new york subway death

The tragic death of Connecticut native, Malaysia Goodson, who fell down a flight of subway steps holding her 1-year old child (who was unhurt) brought out politicians and media, as well as disabled activists, clamoring for more subway elevators.

While disabled activists have been seeking access to New York City subways for 40 years, until recently only a hand full of politicians and editorial boards have felt the same way.

United Spinal Association (then called Eastern Paralyzed Veterans Association [EPVA]) settled its lawsuit with the Metropolitan Transportation Authority (MTA) in 1984. New York City agreed to become the first old rail city in the nation to retrofit “key” stations and provide wheelchair access. Buses are accessible because of the settlement and Access A Ride paratransit services were created because of the settlement.

At the time, the most liberal Democrats had to be dragged, kicking and screaming, to provide merely key station access. Mayor Koch opposed us. The MTA board, which included such liberal Democratic champions as City Council President Carol Bellamy, MTA Board Chair Richard Ravitch and Liberal Party Chair Stephen Berger, opposed subway and bus access.

The New York Times opposed public transportation access. When United Spinal stopped subway station renovation via court order the Times wrote an editorial using the phrase “there’s a wheelchair on the tracks.” All the other major news outlets’ editorial boards opposed access. Incidentally, in 1990, the Times opposed the passage of the Americans with Disabilities Act (ADA), as well.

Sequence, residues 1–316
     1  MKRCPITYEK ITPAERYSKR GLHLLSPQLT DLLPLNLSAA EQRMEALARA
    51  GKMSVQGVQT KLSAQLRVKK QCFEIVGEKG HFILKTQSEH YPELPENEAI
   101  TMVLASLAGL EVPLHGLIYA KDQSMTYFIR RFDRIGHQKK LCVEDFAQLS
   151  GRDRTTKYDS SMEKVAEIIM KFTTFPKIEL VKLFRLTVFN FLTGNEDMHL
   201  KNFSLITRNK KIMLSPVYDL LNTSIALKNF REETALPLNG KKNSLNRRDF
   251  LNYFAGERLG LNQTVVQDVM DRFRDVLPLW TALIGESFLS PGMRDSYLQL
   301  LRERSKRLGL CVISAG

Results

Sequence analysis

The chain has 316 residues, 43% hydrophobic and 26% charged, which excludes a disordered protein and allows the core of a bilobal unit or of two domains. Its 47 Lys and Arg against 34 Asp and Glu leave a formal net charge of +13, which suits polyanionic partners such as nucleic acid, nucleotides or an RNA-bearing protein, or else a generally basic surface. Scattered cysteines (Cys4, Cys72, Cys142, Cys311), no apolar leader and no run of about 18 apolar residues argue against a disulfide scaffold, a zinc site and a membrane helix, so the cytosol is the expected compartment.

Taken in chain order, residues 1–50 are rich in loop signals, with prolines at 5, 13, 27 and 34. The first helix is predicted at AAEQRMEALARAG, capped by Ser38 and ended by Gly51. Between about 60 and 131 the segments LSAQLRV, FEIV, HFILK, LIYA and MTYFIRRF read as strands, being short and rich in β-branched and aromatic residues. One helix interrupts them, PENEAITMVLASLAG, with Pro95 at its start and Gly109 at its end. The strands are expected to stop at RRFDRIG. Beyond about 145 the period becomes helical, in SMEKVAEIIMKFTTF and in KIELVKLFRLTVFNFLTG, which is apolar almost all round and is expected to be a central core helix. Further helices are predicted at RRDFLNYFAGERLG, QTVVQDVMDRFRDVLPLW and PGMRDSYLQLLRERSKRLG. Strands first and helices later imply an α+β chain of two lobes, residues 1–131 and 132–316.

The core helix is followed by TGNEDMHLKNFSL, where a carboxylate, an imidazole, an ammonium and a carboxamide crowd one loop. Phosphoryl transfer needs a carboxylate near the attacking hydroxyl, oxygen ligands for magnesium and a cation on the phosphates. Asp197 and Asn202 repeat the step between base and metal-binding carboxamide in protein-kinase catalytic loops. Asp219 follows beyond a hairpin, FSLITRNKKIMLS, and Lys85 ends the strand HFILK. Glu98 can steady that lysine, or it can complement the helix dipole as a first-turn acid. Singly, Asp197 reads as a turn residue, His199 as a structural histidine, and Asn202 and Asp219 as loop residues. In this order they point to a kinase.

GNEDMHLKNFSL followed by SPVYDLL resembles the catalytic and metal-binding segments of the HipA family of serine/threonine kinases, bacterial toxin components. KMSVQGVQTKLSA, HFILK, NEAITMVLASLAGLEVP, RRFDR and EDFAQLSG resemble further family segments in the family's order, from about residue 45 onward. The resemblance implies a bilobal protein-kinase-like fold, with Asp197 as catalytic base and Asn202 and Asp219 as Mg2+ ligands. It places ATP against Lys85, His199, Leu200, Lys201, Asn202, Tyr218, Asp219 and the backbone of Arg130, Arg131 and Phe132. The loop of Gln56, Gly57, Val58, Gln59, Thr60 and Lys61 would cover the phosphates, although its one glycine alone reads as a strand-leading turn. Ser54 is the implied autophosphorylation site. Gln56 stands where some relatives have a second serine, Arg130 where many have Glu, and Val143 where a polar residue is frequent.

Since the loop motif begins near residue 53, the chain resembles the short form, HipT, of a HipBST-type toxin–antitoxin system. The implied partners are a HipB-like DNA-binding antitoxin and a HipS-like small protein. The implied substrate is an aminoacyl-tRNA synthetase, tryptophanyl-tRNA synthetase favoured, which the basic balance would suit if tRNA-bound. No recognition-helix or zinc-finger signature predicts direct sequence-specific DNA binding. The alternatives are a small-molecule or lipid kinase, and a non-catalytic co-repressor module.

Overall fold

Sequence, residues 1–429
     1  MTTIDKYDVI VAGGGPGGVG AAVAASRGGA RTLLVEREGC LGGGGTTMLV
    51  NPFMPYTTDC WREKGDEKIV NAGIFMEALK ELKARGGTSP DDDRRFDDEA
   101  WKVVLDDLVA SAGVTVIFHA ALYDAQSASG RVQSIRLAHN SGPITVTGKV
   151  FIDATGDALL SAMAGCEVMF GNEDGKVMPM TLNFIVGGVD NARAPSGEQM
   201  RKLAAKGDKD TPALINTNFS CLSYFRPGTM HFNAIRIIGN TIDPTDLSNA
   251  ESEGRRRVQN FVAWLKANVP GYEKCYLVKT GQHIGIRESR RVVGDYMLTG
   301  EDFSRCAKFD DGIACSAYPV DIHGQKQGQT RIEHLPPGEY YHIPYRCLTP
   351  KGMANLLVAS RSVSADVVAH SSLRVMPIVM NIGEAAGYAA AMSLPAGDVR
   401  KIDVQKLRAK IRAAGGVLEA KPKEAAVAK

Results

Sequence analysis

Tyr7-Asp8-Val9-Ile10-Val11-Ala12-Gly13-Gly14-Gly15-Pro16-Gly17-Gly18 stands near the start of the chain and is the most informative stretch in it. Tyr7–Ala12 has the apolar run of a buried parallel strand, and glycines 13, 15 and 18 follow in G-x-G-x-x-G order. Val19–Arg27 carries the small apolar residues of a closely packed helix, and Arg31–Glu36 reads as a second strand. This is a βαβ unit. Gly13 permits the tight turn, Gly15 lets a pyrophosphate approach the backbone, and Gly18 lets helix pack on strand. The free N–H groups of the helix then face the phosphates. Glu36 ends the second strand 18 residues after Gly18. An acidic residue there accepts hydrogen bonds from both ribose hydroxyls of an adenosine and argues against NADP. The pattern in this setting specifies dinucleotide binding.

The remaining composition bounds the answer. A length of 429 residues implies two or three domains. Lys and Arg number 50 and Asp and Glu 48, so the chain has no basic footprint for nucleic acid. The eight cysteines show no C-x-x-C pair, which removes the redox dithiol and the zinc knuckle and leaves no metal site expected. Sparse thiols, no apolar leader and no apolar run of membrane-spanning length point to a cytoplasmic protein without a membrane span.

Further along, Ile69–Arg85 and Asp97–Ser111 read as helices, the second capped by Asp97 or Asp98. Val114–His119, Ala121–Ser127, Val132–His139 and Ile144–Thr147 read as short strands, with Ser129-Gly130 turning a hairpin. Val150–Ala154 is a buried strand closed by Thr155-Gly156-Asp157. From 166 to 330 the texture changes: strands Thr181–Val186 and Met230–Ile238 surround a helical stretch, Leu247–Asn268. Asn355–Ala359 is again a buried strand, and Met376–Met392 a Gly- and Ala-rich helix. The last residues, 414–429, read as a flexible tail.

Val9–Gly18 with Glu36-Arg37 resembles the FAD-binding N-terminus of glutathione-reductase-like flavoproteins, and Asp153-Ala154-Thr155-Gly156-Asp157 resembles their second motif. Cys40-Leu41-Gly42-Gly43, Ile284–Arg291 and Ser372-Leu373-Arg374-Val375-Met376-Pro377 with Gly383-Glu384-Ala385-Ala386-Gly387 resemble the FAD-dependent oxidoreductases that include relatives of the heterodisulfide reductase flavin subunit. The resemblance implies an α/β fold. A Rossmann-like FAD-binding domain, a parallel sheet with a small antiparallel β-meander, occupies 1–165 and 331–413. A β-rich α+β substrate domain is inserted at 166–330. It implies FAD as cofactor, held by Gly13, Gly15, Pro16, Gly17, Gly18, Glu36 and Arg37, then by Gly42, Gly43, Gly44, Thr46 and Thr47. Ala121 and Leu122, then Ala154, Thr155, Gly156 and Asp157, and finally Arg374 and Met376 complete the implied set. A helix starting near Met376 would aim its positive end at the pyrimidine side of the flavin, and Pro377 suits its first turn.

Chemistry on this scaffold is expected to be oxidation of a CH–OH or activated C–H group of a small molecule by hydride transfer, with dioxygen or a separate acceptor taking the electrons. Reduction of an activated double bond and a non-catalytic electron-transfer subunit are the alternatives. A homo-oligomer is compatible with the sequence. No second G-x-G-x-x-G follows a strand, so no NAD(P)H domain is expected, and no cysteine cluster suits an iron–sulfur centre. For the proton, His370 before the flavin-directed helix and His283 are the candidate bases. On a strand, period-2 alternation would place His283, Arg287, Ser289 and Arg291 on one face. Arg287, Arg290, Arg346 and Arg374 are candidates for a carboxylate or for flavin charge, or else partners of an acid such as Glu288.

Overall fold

It is no wonder that New York City elected officials felt safe from political retribution when the Times editorial page was promoting the perpetuation of discrimination against people with disabilities. The Times favored paratransit only- remember Access A Ride’s budget is $600 million this year and that’s with every bus accessible and well over 100 subway stations accessible. Moreover, no thanks to these same politicians, and due to the intrepid advocacy of NYC’s disability community, over 1,000 for- hire-vehicles are accessible or there would be even more demand for Access A Ride.

Why is the subway still so inaccessible? After all, there are 466 subway stations and only a little over 100 have elevators. It is because the moral consciousness of this city was not offended when public transit ignored the needs and rights of people with disabilities. Unlike politicians in Washington DC, who supported the Americans with Disabilities Act in 1990, NYC’s politicians from the late 1970’s until recently did not make this issue a priority because they were given so much cover by the media.

Now, after a young a mother lost her life on the subway stairs, New Yorkers are wondering why older rail cities like Chicago and Boston have a much higher percentage of stations usable by people with mobility impairments.

It is because we, at United Spinal/EPVA were too optimistic about what a key station access settlement would mean- we thought New Yorkers would rally around people with disabilities once they saw them using transit and that by 2019 the collective conscience of all New Yorkers, including elected officials and editorial boards, would have demanded equal access.

James Weisman
President & CEO
United Spinal Association